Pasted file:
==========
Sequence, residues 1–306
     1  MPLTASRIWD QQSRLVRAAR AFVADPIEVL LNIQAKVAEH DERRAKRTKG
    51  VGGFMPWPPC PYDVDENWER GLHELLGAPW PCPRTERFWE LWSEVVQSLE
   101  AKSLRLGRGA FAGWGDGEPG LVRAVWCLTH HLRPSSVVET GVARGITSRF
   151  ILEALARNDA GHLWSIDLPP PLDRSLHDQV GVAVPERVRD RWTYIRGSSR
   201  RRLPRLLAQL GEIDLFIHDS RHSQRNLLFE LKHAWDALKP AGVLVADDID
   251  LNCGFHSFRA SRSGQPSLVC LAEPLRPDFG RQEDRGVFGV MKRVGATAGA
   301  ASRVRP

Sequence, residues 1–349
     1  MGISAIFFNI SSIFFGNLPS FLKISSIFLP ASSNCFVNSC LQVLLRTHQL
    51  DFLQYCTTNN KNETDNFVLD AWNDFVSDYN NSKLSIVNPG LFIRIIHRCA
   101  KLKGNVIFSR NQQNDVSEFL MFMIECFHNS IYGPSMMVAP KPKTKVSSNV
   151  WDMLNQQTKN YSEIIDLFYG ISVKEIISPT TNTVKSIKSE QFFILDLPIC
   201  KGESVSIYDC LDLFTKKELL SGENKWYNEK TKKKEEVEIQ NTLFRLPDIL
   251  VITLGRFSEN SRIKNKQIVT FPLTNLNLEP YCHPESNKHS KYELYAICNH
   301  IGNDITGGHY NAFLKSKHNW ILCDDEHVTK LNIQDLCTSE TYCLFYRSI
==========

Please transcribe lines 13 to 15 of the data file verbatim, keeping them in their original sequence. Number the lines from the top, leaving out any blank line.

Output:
   151  WDMLNQQTKN YSEIIDLFYG ISVKEIISPT TNTVKSIKSE QFFILDLPIC
   201  KGESVSIYDC LDLFTKKELL SGENKWYNEK TKKKEEVEIQ NTLFRLPDIL
   251  VITLGRFSEN SRIKNKQIVT FPLTNLNLEP YCHPESNKHS KYELYAICNH